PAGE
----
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More on Bilingual Polling

- November 5, 2010

In response to my “request yesterday”:https://themonkeycage.org/2010/11/are_polls_more_likely_to_be_of.html for more information on bilingual polling, I learned the following.

First, according to “Dominique Arel, the Chair of Ukrainian Studies at the University of Ottawa”:http://www.ukrainianstudies.uottawa.ca/personnel/arel.html, no serious polling firm in Ukraine would ever employ anyone other than bilingual pollsters. The process works as follows:

bq. Regarding polling in Ukraine, the practice of the most established polling outfit (Kyiv International Institute of Sociology) is the following: the first question (in person, since serious polling can’t be done on the phone in Ukraine) is a linguistically neutral greeting, which could sound Ukrainian or Russian. The pollster then go with the language chosen by the respondent, if necessary, after specifically clarifying the matter. Serious organizations can’t do uni lingual polling in Ukraine, since it would necessarily offend a segment of the respondents–on each side.

Second, “Adam Berinsky”:http://web.mit.edu/berinsky/www/ and “Cara Wong”:http://www.carawong.org/ have an old, unpublished paper comparing bilingual with uni lingual interviews of Latinos. Here’s the abstract:

bq. It is common practice for academic and professional pollsters to conduct surveys in English only, and then weight up responses of the English-speaking Latinos to compensate for the missed Spanish-speaking households. While we recognize the practical reasons for interviewing in English only, there is little empirical evidence that this common practice is a “good” practice. In fact, it may distort our understanding of Latino public opinion. Our analysis indicates that Spanish and English respondents do differ in important. Nevertheless, the common polling practice of using English-only interviews and weighting for Latinos is an acceptable practice in most situations. While the top-line marginals obtained through such methods differ from the full population marginals in certain circumstances, the size of these differences ranges from small to nonexistent. However, if researchers are interested in describing the political beliefs of Latinos, bilingual interviewing is a necessity, not a luxury.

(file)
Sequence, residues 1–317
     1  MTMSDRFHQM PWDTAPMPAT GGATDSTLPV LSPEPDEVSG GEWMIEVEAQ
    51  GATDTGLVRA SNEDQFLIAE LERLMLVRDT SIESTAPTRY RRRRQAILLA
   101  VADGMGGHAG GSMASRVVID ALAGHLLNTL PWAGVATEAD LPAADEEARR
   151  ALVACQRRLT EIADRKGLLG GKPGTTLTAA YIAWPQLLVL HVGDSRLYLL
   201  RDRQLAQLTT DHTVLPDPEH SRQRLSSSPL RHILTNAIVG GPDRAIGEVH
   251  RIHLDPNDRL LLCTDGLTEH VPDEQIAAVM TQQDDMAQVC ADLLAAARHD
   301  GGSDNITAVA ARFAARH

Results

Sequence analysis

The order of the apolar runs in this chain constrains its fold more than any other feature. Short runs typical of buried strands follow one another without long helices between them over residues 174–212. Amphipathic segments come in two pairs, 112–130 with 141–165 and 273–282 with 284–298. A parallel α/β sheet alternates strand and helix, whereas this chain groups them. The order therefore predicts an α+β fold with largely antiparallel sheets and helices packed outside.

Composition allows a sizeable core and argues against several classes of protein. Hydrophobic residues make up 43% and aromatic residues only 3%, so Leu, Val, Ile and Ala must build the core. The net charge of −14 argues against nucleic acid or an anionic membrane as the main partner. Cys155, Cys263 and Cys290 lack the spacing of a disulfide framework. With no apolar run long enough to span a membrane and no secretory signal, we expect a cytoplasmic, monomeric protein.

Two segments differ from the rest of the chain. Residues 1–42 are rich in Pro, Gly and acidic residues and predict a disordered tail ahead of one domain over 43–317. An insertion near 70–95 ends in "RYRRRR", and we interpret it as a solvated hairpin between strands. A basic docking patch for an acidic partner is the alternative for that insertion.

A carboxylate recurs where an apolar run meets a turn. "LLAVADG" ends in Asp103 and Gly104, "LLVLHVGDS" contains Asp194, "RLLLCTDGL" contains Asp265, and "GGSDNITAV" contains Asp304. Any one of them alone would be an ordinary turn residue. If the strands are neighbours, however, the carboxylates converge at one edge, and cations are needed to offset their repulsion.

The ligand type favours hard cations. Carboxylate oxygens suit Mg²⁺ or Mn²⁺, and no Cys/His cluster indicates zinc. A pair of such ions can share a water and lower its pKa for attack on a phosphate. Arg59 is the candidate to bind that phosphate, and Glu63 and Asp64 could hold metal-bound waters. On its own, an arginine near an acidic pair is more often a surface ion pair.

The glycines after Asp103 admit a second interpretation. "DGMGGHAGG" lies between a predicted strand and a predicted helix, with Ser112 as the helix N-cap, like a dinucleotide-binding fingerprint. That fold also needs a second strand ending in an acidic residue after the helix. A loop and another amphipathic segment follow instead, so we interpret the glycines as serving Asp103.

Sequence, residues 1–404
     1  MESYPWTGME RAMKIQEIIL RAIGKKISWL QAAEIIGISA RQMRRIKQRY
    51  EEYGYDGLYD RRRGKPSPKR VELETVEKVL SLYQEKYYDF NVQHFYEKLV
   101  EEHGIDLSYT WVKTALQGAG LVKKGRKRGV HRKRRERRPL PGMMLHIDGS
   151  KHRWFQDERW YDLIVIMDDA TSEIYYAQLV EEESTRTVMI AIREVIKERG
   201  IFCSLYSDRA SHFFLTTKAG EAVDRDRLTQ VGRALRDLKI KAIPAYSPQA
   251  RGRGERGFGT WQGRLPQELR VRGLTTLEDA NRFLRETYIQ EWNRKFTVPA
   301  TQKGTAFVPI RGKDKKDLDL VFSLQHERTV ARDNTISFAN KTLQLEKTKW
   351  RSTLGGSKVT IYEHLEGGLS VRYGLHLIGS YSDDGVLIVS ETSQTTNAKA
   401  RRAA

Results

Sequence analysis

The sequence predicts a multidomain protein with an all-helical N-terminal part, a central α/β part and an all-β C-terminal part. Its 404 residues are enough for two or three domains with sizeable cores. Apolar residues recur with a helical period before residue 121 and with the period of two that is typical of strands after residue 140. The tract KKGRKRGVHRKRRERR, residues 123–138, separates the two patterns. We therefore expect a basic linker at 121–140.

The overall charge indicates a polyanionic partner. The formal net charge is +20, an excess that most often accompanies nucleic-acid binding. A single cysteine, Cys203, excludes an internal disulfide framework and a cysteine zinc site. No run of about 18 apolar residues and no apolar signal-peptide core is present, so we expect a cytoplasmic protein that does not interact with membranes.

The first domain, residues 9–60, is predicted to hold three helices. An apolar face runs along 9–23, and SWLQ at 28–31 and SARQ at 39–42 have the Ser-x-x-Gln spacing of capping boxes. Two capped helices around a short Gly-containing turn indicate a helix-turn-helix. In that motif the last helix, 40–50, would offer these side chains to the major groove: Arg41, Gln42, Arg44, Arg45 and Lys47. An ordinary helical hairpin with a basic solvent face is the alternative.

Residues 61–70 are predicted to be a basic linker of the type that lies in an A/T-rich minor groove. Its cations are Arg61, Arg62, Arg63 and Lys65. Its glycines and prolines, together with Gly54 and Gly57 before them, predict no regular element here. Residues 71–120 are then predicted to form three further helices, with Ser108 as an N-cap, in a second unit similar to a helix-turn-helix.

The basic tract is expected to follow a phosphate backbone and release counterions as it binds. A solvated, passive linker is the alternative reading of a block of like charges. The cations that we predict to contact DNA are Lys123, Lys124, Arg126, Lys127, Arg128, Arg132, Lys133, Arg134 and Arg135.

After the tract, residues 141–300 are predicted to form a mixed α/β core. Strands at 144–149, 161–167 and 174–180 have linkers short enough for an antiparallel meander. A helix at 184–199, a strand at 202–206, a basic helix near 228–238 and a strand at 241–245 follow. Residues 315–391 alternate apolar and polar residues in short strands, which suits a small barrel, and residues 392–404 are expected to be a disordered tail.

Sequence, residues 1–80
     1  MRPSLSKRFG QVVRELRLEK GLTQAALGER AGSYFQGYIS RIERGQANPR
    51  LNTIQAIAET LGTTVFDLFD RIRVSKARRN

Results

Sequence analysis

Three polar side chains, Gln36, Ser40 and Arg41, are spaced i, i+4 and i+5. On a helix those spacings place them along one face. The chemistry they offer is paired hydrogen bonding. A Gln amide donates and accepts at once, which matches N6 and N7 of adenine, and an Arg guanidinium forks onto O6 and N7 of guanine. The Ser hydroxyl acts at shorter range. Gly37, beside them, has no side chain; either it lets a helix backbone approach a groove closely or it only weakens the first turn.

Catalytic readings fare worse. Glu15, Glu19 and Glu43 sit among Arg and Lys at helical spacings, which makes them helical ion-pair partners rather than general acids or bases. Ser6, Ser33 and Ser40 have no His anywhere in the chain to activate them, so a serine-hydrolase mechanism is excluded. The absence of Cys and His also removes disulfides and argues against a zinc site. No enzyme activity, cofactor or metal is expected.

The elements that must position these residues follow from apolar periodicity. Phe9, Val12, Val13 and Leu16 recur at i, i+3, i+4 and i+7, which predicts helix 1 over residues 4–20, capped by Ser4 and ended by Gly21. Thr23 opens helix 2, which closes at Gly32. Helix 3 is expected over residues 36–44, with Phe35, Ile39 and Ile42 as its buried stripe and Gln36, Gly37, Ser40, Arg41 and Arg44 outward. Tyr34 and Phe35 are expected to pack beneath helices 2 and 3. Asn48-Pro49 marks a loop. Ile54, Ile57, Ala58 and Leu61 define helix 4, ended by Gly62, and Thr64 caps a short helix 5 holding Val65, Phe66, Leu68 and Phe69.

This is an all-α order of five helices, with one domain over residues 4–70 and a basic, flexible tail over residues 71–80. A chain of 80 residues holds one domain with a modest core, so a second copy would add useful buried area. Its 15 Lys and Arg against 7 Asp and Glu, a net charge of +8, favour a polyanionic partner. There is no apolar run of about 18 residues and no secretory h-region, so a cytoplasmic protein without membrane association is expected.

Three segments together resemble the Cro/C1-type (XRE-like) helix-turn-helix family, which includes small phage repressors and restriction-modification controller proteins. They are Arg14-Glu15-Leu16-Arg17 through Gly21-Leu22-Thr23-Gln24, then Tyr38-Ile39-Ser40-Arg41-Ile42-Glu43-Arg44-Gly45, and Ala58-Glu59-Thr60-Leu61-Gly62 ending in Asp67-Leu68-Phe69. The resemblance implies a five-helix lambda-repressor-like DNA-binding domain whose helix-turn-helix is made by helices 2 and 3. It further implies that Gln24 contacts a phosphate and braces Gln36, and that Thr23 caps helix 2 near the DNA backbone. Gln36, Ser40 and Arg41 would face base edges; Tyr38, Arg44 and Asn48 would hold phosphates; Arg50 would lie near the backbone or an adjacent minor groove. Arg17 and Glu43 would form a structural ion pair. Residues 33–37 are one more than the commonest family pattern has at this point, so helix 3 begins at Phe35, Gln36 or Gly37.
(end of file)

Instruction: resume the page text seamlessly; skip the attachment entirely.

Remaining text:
Third, Effram Perez has a 2009 _Journal of Politics_ article (“gated”:http://journals.cambridge.org/action/displayAbstract?fromPage=online&aid=6390168) on the topic as well. Here’s the abstract from his paper:

bq. The dramatic increase in the U.S. Latino population in recent decades has spurred an equally dramatic rise in bilingual survey instruments used by scholars to gauge the political attitudes of this growing ethnic group. A key assumption behind these instruments is that English-language items tap the same political constructs as their Spanish-language analogs. This paper reports evidence which suggests that bilingual survey items may not always be comparable across linguistic groups. Using a variety of public opinion polls, I develop and test a series of multi-group measurement models showing that–net of measurement error–English- and Spanish-language survey items are not functionally equivalent. The paper discusses the implications of these findings for the development of future bilingual surveys, both in the United States and beyond, as well as the use of extant surveys for applied analyses of Latino political attitudes.

To the extent that it is correct that the biggest mistakes in poll-based forecasts in the 2010 elections were made in states with “large Latino populations”:https://themonkeycage.org/2010/11/are_polls_more_likely_to_be_of.html, this is an issue that is probably worth keeping an eye on moving forward.